Union Station (New Haven)

Union Station, also known as New Haven Railroad Station (IATA: ZVE) or simply New Haven, is the main railroad passenger station in New Haven, Connecticut. Designed by noted American architect Cass Gilbert, the beaux-arts Union Station was completed and opened in 1920[5] after the previous Union Station (which was located at the foot of Meadow Street, near the site of the current Union Station parking garage) was destroyed by fire. It served the New York, New Haven and Hartford Railroad until it fell into decline, along with the rest of the railroad industry in North America after World War II. It was shuttered in 1972, leaving only the under-track 'subway' open for passengers, and listed on the National Register of Historic Places on September 3, 1975,[3] but it was almost demolished before the Northeast Corridor Improvement Project in 1979. Reopened after extensive renovations in early 1985, it is now the premier gateway to the city.

New Haven–Union Station
New Haven Union Station, September 2018.JPG
New Haven Union Station in September 2018
Location50 Union Avenue, New Haven, Connecticut
Coordinates41°17′51″N 72°55′36″W / 41.29750°N 72.92667°W / 41.29750; -72.92667Coordinates: 41°17′51″N 72°55′36″W / 41.29750°N 72.92667°W / 41.29750; -72.92667
Owned byConnDOT
Line(s)Northeast Corridor
New Haven–Springfield Line
Platforms4 island platforms
ConnectionsIntercity Bus CT Transit: 212, 265, 268, 271, 272, 278, Union Station Shuttle
Intercity Bus Greyhound
Intercity Bus Megabus
Intercity Bus Yale Shuttle
ParkingUnion Station parking garage
Bicycle facilitiesYes
Disabled accessYes
Other information
Station codeNHV (Amtrak)
Fare zone21 (Metro-North)
Electrified12.5 kV AC overhead catenary
FY2019778,534[1]Increase 11.6% (Amtrak)
20183,216[2] (MetroNorth)
Rank16 of 124[2] (MetroNorth)
Preceding station BSicon LOGO Amtrak2.svg Amtrak Following station
Stamford Acela New London
Bridgeport Northeast Regional Old Saybrook
New Haven State Street
Terminus Hartford Line
Valley Flyer New Haven State Street
toward Greenfield
Bridgeport Vermonter Meriden
toward St. Albans
Preceding station MTA NYC logo.svg Metro-North Following station
West Haven New Haven Line New Haven State Street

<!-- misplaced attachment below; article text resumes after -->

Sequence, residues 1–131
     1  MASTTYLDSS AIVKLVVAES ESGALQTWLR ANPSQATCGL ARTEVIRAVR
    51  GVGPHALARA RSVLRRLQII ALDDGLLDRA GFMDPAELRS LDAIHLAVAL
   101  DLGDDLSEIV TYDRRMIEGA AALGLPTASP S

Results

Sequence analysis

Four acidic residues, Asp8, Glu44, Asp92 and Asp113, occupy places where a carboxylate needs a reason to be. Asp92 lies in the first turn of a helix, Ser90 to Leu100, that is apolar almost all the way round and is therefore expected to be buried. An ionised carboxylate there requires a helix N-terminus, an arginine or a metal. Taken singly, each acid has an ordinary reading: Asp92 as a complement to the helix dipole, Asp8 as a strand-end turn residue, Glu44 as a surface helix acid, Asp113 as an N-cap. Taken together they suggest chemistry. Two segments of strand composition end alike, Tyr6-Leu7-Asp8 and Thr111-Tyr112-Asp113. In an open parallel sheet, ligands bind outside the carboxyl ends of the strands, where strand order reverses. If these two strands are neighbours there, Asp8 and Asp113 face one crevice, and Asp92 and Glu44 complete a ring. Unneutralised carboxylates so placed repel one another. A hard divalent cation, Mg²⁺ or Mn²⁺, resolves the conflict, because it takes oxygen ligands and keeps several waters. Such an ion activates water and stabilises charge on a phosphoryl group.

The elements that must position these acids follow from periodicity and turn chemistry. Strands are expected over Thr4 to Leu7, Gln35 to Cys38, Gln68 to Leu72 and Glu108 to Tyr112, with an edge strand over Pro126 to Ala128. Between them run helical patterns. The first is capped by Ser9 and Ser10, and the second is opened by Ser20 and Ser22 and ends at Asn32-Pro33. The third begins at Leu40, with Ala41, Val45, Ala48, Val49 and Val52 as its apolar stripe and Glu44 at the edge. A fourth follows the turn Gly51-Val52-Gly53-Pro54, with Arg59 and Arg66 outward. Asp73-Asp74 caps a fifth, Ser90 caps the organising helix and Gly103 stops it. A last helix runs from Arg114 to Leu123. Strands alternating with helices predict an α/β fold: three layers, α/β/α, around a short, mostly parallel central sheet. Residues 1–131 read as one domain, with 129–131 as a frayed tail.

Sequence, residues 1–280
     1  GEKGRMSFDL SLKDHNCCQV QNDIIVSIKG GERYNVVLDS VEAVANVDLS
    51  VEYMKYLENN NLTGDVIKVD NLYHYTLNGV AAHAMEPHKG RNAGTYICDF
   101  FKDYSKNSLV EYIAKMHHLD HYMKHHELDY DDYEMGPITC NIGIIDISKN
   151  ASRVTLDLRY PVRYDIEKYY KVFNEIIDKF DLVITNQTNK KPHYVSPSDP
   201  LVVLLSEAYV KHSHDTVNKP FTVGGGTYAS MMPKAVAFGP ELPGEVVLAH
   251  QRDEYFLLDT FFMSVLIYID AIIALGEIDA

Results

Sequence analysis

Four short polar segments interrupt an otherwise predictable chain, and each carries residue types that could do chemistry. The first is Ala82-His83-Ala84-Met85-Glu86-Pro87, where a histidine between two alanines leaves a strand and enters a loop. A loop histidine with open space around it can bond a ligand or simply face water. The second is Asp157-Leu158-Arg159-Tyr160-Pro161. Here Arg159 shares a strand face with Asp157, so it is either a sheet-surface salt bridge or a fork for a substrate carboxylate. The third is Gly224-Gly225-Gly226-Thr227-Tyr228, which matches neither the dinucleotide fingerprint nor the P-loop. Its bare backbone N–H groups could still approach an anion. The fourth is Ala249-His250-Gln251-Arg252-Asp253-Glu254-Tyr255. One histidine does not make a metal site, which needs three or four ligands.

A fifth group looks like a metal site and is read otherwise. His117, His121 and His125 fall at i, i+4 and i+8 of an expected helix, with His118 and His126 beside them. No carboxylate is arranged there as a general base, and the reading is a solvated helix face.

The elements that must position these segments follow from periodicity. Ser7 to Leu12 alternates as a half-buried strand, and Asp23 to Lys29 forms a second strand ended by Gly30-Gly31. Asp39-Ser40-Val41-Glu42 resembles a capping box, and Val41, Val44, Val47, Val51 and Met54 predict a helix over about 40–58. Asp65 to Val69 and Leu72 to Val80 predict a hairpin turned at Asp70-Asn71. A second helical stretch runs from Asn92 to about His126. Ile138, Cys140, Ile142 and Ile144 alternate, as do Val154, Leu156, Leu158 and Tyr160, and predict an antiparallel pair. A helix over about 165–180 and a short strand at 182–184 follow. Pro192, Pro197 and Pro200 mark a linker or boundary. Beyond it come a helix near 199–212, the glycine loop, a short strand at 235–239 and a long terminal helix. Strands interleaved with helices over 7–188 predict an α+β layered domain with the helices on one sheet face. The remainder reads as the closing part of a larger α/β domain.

limited service
Preceding station Hartford Line logo.png CTrail Following station
Terminus Hartford Line New Haven State Street
West Haven
limited service
toward Stamford
Shore Line East New Haven State Street
toward New London
Former services
Preceding station BSicon LOGO Amtrak2.svg Amtrak Following station
Terminus Beacon Hill Branford
Clamdigger Branford
toward New London
Bridgeport Montrealer Meriden
toward Montreal
toward New York
Cape Codder Providence
toward Hyannis
Bridgeport Atlantic City Express Wallingford
Preceding station New York, New Haven and Hartford Railroad Following station
toward New York
Main Line Terminus
New York Penn
Main Line
through service
Terminus Shore Line East Haven
toward Boston
New Haven Railroad Station
LocationUnion Avenue, New Haven, Connecticut, USA
ArchitectCass Gilbert[4]
Architectural styleLate 19th and 20th Century Revivals, Second Renaissance Revival
NRHP reference No.75001941[3]
Added to NRHPSeptember 3, 1975

The property is listed on the National Register of Historic Places as New Haven Railroad Station. Its significance is partly as an example of the work of Cass Gilbert, who also designed the Woolworth Building in New York and the U.S. Supreme Court Building.[6]

The restored building features interior limestone walls, ornate ceilings, chandeliers and striking stainless steel ceilings in the tunnels to the trains. The large waiting room is thirty-five feet high and features models of NYNH&HRR trains on the benches.

Prior to the 2002 opening of State Street station, Union Station was referred to as simply New Haven on Metro-North signage and maps.

Current serviceEdit


Acela Express at New Haven in 2007

Amtrak runs frequent service through Union Station along the electrified Northeast Corridor rail line. Most Amtrak trains are Northeast Regional trains or Acela trains operating between Washington, D.C. and Boston.[7]

Hartford Line trains run to Springfield, Massachusetts via Hartford and Valley Flyer trains travel along the same route but continue on to Greenfield, Massachusetts.[8] Some of these trains connect with Northeast Regional trains; other Northeast Regionals run through to Springfield from New York or vice versa.[7] These through trains must change locomotives at New Haven, as the track north to Springfield is not electrified, unlike the Northeast Corridor. The locomotive change is from a Siemens ACS-64 for the electrified territory to a General Electric P40DC or P42DC for the non-electrified territory, or vice versa. Prior to 2000, when the Northeast Corridor was electrified all the way to Boston, all trains continuing north of Union Station had to change from diesel to electric power.